who have lived in Washington know that the experiences there are unlike
those anywhere else in the world. "And any of us who have spent any time
with students," he says, "know what an amazing chance we can offer when
we give them an opportunity to step outside the classroom and see the
world around them with new eyes."
this vision into reality was not easy. Alpert, Jackson and others spent
weeks organizing curriculum requirements and recruiting students, and
in fall 1978 nine undergraduates left familiar Fort Worth for the capital.
In the years since, nearly 350 students have followed, and another 250
have participated in the affiliated Republican and Democratic National
of the students, this semester is the first time in their lives that they
are entirely independent," says Alpert, who left TCU to head The Washington
Center in 1992. "Washington is a city that is in many ways run by interns
and young professionals, and our students often get an opportunity to
make a significant contribution in their jobs."
students, all political science majors, shared apartments at Rhode Island
Avenue and 14th Street. The living quarters weren't ideal, but they were
comfortable and located in the heart of the District.
husband-to-be Wallace had never met before they went to Washington in
the fall of 1990. TCU's intern group took the Metro out to dinner one
night, and Wallace remarked that it was a shame all the female interns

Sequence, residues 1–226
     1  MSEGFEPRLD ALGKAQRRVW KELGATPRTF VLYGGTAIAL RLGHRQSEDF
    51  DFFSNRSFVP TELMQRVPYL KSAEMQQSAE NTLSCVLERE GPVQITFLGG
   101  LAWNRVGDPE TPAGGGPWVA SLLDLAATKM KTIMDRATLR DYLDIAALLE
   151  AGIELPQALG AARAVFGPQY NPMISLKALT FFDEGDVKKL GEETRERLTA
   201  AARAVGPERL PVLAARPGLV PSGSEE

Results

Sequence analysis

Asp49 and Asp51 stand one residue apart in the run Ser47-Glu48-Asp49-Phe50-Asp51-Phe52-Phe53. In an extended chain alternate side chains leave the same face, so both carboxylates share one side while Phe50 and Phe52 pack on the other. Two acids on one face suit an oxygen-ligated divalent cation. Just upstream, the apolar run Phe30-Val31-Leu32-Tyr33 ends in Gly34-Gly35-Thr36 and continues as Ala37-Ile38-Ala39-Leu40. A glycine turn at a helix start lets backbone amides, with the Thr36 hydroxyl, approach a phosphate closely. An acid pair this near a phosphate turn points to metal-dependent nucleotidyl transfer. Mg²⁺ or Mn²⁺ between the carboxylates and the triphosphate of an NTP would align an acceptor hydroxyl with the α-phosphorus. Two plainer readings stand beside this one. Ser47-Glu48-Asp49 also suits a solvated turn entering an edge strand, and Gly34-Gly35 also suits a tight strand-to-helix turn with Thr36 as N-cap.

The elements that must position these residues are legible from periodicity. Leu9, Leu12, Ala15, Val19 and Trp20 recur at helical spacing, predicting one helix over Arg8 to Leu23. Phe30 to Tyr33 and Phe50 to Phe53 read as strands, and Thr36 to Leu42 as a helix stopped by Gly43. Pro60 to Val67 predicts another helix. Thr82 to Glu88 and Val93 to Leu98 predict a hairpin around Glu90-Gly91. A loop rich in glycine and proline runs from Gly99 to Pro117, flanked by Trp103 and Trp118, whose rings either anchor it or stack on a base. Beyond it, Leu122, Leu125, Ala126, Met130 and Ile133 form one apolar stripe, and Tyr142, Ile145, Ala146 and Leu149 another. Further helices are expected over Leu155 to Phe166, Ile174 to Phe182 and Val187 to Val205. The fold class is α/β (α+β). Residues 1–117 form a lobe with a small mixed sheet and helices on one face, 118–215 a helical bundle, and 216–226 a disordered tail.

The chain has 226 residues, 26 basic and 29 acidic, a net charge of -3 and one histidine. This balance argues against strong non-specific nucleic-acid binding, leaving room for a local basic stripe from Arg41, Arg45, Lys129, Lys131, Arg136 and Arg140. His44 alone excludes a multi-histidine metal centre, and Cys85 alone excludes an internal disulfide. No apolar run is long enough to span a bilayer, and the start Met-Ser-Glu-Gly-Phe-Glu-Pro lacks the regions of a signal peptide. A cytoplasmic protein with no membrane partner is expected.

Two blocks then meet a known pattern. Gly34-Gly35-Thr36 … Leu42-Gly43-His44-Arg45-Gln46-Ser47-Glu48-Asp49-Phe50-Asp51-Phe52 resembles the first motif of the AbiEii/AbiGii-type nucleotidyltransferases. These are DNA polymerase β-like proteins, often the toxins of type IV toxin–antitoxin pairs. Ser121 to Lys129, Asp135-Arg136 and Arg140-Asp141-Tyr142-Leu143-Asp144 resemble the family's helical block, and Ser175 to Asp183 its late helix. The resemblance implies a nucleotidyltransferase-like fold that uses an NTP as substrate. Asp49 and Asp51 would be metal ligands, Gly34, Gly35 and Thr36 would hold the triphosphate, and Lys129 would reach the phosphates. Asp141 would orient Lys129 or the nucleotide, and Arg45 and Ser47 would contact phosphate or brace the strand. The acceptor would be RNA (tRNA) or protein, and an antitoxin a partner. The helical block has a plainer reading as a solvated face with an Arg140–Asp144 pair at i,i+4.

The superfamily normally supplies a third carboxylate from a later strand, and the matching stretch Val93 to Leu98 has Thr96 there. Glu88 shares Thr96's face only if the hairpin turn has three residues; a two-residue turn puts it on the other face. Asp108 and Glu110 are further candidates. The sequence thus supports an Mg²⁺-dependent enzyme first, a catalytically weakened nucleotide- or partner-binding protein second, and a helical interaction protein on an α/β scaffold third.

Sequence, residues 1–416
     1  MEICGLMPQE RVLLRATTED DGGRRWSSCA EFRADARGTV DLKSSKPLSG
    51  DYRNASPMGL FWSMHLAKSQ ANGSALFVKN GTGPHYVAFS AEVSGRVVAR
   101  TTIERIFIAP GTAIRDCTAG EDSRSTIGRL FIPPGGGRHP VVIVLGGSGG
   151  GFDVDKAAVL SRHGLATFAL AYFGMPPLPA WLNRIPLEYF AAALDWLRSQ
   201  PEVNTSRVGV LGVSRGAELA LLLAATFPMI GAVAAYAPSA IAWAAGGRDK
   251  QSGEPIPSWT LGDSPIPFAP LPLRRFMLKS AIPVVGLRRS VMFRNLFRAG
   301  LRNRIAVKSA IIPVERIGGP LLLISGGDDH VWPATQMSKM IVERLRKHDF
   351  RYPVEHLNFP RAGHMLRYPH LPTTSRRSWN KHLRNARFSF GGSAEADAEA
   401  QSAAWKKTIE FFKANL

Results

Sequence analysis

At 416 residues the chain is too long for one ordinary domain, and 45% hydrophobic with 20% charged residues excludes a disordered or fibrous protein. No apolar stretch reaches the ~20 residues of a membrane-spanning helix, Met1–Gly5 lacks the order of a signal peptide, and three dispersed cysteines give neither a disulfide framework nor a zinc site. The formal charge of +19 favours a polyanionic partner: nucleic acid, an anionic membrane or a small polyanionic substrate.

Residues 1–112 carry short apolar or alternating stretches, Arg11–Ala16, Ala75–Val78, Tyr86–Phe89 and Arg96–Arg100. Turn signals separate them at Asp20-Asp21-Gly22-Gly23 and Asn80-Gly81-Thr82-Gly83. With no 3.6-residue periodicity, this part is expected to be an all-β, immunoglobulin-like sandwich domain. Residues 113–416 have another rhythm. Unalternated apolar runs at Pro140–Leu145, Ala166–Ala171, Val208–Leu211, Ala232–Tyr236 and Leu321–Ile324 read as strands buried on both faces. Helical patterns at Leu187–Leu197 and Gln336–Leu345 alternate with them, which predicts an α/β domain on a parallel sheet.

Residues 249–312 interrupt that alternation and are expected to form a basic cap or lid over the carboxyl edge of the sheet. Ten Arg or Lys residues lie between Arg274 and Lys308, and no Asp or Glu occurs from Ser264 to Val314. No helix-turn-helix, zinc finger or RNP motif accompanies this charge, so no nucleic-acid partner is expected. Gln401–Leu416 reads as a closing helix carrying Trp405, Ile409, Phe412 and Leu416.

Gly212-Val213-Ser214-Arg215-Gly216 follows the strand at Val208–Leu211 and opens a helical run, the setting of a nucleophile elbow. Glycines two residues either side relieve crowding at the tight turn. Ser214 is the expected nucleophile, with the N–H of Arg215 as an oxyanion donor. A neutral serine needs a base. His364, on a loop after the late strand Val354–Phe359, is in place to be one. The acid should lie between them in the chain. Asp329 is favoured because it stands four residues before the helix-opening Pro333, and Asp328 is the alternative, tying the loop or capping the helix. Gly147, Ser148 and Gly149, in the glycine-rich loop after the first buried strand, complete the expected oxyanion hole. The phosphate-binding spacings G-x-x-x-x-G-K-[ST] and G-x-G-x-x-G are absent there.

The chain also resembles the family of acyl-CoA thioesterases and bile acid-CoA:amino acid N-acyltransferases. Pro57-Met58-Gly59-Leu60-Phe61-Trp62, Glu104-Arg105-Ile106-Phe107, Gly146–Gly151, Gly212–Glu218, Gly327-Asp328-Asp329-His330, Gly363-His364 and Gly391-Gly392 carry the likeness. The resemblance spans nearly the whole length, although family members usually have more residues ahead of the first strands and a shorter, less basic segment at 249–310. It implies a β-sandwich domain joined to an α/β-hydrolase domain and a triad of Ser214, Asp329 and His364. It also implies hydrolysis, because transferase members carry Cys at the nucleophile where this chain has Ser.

a thought in my head, I blurted out, ‘I don't.' It's a white lie I will
never regret," Susan says from the couple's home in Highland Ranch, Colo.
"Washington is where we met and fell in love. It is the most romantic
place in the world I can think of to fall in love." She says she and Todd
will forever be grateful for the experiences of that semester. "Both of
us will tell you, our semester there holds a dear, dear place in our hearts.
Our entire experience is as vivid today as it was then."
saw everything there was to see in the city. They shared all the excitement
of their work. They wrinkled their noses as they coped with the curry
powder that wafted through the apartment complex. They took weekend trips
to surrounding cities. They marveled at the glow of the national Christmas
tree, and they still get goosebumps when they remember singing Christmas
carols from the rotunda of a museum on the Mall.
have been an adult when I went away to college at TCU, but I truly grew
up in Washington," Besze says. "Todd and I cannot wait to take our son
there and show him all of the places we love."
the Washington internships has spread across campus through the years,
with interest on the rise recently. Valerie Martinez-Ebers, a professor
of political science and TCU's current Washington Center coordinator,
cites word-of-mouth enthusiasm and an increased awareness of the value
of an internship.
15 juniors and seniors participate each fall. Students from any discipline
may apply. Those selected must maintain a 3.0 grade average. Unlike other
schools that work with The Washington Center, TCU selects students for
the program a year before they leave Fort Worth. This gives them time
to meet past interns, prepare submission materials and learn from group
discussions on issues such as internship placements.
our students to be prepared for their internships, and we want them to
get to know each other," Martinez-Ebers says.
selection process and 25-year association with The Washington Center make
its class one of the most prepared and cohesive groups each year. "TCU
students make an impact in Washington every fall, no question," Alpert